It was great to be home, however. I wish I could’ve spent more time there, but we did make the best of it. It’s rare that my family and I get together, especially with us living in different places, so we celebrated Halloween and Christmas while I was there. My sister’s wedding was a highlight, and I’m so happy for her and her husband. Art-wise, I got to hang out with my artist best friend, Jordan Miller (http://www.jordanlmiller.com/), and we got to do some artsy things including attending a puppet show in her gallery. Comic Con was also held while we were there, so it was quite an eventful couple of weeks.

Again, I miss Canada… I miss Winnipeg. I miss “Friendly Manitoba.” It’s making me terribly ill not being home right now.

There’s several things I could write about right now, like my troubles with Travelocity, the experience at Comic Con, the art scene in Winnipeg, the beauty of having a wide selection of beer, etc. but maybe some other time. Right now I’ll just focus on being depressed and longing to be back home.

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Home

Skeleton

Off to Canada soon. I probably won’t be updating for a few days or so. My sister is getting married. It would be good to see her as well as the rest of my family as well. It’s one of those rare opportunities when we all get to be together, especially since my family’s scattered all over North America. It’s a shame that my family and closest friends can’t be my neighbors as well. Even as I go back, a couple of my friends are in Europe, other parts of Canada, or simply missing.

One of the biggest highlight though (aside from my sister getting married to an awesome dude) is that I’ll be seeing my best friend, Jordan (http://www.jordanlmiller.com/). I haven’t seen her forever, but she’s always been there to pour my troubles to, and vice versa. I’m going to be spending an unhealthy amount of time with her, but I don’t think that would cover the amount of time I’ve been absent.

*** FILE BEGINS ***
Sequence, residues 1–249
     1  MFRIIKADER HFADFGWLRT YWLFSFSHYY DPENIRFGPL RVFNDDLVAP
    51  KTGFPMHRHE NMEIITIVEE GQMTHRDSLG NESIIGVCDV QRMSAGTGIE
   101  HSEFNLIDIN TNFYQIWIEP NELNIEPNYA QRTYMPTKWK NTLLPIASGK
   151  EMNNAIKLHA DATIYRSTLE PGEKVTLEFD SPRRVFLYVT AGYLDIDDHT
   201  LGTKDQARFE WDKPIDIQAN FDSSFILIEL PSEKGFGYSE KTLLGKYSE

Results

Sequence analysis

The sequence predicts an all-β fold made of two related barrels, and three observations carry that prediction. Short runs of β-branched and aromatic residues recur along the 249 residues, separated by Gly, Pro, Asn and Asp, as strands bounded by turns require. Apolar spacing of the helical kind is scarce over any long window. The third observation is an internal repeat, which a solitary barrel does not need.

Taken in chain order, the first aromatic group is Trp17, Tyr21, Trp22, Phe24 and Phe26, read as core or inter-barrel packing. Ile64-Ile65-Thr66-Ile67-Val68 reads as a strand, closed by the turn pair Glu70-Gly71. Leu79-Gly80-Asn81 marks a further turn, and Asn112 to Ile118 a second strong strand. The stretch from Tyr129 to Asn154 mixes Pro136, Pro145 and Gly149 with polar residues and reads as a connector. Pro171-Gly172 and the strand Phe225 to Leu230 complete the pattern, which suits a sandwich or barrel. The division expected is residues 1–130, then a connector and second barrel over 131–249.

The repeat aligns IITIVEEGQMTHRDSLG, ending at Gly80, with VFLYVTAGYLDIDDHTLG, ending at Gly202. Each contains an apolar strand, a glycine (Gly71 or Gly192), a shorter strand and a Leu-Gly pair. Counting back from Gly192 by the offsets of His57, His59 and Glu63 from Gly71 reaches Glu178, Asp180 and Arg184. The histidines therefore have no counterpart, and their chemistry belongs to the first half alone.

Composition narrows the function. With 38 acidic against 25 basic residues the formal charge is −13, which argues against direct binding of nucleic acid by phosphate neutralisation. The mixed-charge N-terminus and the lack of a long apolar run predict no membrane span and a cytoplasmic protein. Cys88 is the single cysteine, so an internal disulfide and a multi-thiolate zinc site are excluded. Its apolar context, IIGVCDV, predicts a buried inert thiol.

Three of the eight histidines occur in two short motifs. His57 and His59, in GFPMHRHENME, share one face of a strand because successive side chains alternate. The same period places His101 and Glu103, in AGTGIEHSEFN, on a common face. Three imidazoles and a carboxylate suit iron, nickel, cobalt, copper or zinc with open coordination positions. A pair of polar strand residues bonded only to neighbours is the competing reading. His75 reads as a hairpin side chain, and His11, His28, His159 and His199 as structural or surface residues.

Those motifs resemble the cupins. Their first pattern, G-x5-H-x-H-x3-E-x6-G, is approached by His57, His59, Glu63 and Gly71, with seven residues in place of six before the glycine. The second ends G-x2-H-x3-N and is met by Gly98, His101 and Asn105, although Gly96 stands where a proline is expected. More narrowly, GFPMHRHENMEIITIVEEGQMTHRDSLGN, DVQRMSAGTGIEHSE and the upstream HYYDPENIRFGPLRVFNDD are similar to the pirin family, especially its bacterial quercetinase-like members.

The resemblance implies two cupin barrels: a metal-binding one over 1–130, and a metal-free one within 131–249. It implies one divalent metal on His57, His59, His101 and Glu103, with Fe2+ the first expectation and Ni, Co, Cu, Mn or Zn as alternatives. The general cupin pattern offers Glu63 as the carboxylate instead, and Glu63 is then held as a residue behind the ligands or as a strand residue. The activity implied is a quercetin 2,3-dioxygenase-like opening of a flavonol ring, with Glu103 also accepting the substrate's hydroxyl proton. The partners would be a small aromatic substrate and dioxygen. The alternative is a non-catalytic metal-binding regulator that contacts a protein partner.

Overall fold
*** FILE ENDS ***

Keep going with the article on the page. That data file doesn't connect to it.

My wife however is worried about how cold Winnipeg is. Fragile thing, she gets cold easily. I, on the other hand, am excited to once again experience real winter. The last time I experienced proper winter with proper snow was a few years ago in Sapporo. The place was almost like Winnipeg. Anyway, the cold will give her a good excuse to go nuts shopping for winter apparel.

After this trip, I don’t when I’ll come back to Canada or whether I’ll ever settle back. A part of me will always want to be back, or be all Neil Young and settle in Alberta (weather there’s good in the fall), but there’s always other places to visit, be it North America or wherever. Things are just harder when you’re an adult and you’ve got a family to worry about. Tickets are expensive, you could spend the money somewhere else, starting life in another place can be difficult, all of my family are scattered… there are so many things to consider, it could be maddening. In any case, I’m hoping it won’t be too long before I go back home again.

Home!!! Canada!!! Home!!!

 

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Oh Vacation!

Tokyo

Back from vacation. *sigh* I’m alright, readjusting back into the real world, but my wife is still missing Japan. She’s been looking at flight packages to Osaka, torturing herself.

I spent my vacation with an old friend from high school and her boyfriend. It made for a very interesting trip. I met her back in computer class when I was fourteen in Winnipeg, but now we found ourselves all old and roaming around Seoul, the DMZ, and Tokyo. Good stuff. Old friends are awesome!

We hit most of the hot spots in Tokyo, from the Sanja festival in Asakusa, to the weird and sad maid café scene in Akihabara. I gotta give it to the Japanese. Very polite and very clean! Despite the kookiness, it was great having my personal space respected all the time and no older folks trying to lord over other people with old school hierarchy. It’s damned expensive though. It would be great to work in Tokyo, but I doubt if I could save a dime.